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Todd Villarrubia

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What are the Disadvantages of Dying without a Will?

Posted On: May 3, 2024

By: Todd Villarrubia

Todd M. Villarrubia, an authority in wealth planning and preservation, brings over 30 years of in-depth, experience to the complex challenges of safeguarding familial and individual wealth. Based in New Orleans, Louisiana, his expertise is not only recognized in the local community but also reverberates within the legal industry.
Estate planning
People who die without a will can leave a thicket of probate problems for loved ones.

A new survey reveals fewer Americans are having wills prepared despite the dramatic increase in people having wills and trusts created when the pandemic was at its peak. Maybe it was because Americans were forced to remain in their homes and had more time to think, says an article from USA Today, “Facing mortality, more Americans wrote wills during the pandemic. Now, they’re opting out.”

Everyone should have an estate plan, especially parents with minor children or homeowners. Parents who die without creating a will leave their children at the mercy of a court to decide who will raise them and how they will be financially supported.

A last will and testament is just one part of an estate plan, which is created to outline your wishes for what happens to assets after you die and what happens to you while you are living.

Families facing significant healthcare decisions, for example, are better equipped to make decisions if wishes for end-of-life care have been incorporated into the correct legal estate planning documents. In fact, without proper planning, your family may not be allowed to be involved with your medical decisions. Depending on your jurisdiction, you’ll need a Healthcare Power of Attorney, Living Will, Advance Directive and HIPAA Release.

Estate planning can be overwhelming, which makes the guidance of an experienced estate planning attorney more important. Probate experts say using an online service to create a will and other estate planning documents is risky and could lead to larger problems when the documents are executed.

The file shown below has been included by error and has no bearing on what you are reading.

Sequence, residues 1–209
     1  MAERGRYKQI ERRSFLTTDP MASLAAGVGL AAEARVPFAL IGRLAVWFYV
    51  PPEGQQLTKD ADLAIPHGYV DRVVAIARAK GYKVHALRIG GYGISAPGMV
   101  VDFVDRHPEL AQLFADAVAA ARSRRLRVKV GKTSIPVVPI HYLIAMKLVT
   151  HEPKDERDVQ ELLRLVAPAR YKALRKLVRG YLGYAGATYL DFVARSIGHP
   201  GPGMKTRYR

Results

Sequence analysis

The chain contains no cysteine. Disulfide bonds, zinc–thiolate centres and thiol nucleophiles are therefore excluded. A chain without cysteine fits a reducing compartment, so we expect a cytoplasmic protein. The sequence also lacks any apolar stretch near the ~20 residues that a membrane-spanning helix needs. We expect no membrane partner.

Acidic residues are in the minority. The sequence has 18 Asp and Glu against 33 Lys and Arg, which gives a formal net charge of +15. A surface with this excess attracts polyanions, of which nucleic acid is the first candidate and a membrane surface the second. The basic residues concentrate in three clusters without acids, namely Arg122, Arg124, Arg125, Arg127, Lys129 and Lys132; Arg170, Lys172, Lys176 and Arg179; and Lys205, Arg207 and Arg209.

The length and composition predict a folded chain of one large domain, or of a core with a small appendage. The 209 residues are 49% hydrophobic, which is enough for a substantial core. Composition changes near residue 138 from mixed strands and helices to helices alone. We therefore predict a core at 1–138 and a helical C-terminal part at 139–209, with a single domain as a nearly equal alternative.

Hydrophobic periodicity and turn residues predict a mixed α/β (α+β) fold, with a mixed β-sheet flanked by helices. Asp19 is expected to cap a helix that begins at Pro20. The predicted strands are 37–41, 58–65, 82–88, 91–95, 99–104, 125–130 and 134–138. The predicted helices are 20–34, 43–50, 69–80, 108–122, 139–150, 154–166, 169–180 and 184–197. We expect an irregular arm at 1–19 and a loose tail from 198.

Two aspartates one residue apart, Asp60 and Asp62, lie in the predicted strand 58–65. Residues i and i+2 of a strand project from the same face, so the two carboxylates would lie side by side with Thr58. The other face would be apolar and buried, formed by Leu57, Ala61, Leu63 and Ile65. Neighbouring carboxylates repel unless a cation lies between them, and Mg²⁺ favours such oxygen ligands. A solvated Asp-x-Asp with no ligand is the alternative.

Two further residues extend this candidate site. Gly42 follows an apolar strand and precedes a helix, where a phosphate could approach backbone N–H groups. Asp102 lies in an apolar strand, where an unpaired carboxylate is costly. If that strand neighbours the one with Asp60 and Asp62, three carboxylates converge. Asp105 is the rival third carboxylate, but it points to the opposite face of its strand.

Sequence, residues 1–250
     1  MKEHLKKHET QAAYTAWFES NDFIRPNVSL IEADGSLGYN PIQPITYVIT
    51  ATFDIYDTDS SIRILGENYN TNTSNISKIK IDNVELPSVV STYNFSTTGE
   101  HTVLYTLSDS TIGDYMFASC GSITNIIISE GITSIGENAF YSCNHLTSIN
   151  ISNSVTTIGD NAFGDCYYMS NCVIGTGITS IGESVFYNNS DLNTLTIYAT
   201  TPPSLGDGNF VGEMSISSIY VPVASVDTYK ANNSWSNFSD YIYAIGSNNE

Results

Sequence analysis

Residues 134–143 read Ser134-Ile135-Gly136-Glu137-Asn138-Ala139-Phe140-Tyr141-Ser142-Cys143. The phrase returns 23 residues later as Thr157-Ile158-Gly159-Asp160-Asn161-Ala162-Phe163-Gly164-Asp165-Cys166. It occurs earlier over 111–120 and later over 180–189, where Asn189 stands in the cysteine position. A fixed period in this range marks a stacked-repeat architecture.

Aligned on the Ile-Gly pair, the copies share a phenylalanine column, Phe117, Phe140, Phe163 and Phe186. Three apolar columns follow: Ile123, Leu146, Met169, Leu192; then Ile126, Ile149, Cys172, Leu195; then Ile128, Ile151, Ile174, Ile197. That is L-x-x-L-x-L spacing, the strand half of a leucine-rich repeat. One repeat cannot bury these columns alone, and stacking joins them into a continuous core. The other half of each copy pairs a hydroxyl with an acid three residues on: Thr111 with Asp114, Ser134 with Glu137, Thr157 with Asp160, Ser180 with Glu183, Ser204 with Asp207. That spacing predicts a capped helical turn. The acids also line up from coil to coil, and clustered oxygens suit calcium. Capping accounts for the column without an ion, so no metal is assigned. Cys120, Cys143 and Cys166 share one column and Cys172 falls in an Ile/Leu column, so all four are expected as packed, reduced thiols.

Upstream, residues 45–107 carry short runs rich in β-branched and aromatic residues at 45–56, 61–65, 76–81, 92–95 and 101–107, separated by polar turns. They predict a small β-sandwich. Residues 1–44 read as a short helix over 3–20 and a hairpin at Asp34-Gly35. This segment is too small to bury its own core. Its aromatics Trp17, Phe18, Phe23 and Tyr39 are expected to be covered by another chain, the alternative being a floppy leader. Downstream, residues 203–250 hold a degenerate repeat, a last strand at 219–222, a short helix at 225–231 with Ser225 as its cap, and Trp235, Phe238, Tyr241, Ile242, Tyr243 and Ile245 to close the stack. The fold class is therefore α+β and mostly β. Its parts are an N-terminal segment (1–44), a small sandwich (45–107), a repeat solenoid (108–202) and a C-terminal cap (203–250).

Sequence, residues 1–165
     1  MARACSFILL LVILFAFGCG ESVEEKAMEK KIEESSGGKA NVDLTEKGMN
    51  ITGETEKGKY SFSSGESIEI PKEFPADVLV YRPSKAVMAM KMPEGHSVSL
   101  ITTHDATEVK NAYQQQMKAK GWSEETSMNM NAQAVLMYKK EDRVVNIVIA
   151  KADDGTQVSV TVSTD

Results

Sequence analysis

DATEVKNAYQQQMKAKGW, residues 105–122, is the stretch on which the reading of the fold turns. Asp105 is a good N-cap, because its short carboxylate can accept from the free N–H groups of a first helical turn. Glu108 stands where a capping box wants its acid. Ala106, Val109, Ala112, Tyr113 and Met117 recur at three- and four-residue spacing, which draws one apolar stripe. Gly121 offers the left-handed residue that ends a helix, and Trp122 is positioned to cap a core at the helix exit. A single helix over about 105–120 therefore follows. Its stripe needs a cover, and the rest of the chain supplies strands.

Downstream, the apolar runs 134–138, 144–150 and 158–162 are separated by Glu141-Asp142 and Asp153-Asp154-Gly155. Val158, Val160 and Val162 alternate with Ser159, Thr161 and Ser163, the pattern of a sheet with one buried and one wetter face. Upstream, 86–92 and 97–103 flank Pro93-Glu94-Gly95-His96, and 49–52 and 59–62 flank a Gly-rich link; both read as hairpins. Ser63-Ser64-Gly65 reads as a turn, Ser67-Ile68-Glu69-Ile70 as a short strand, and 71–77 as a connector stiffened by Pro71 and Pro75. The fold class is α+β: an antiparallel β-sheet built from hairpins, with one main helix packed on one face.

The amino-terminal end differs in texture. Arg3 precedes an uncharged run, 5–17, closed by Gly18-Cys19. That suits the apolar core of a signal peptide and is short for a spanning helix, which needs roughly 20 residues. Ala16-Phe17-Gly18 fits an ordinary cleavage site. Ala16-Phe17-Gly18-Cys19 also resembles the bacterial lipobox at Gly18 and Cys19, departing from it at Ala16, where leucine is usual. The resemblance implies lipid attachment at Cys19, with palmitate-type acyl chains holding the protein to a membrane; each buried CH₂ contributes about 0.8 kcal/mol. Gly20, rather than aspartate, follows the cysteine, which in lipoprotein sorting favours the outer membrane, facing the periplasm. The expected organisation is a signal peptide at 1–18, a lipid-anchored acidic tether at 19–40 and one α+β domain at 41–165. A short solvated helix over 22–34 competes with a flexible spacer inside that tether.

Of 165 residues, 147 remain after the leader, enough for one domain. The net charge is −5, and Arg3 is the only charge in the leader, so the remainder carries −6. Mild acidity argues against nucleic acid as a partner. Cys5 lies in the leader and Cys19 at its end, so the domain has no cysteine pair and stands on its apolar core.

Most estate planning attorneys have reviewed online wills in which a spouse disinherited the surviving spouse, children in blended families have been disinherited and more. The cost of undoing the problems created by online wills, especially if the court declares the will invalid, is far higher than having a will properly prepared in the first place.

Wills and trusts are used to distribute property when you die. If there is no will, the court steps in, making decisions based on the laws of your state. Probate laws vary from state to state, and it’s always a guessing game to know who will get what.

For residents of New York State, for instance, if someone dies with no will, their spouse inherits the first $50,000 of their estate plus half of the balance, and the rest is distributed between the children. In Florida, the spouse inherits the entire estate. This may not be what you had in mind, but if you don’t have a will, it won’t matter—the state’s laws will decide.

An experienced estate planning attorney will guide you through the process step-by-step, making it one less task on your to-do list. The peace of mind from knowing you’ve protected yourself and your loved ones makes this a worthwhile task.

Reference: USA Today (April 3, 2024) “Facing mortality, more Americans wrote wills during the pandemic. Now, they’re opting out”

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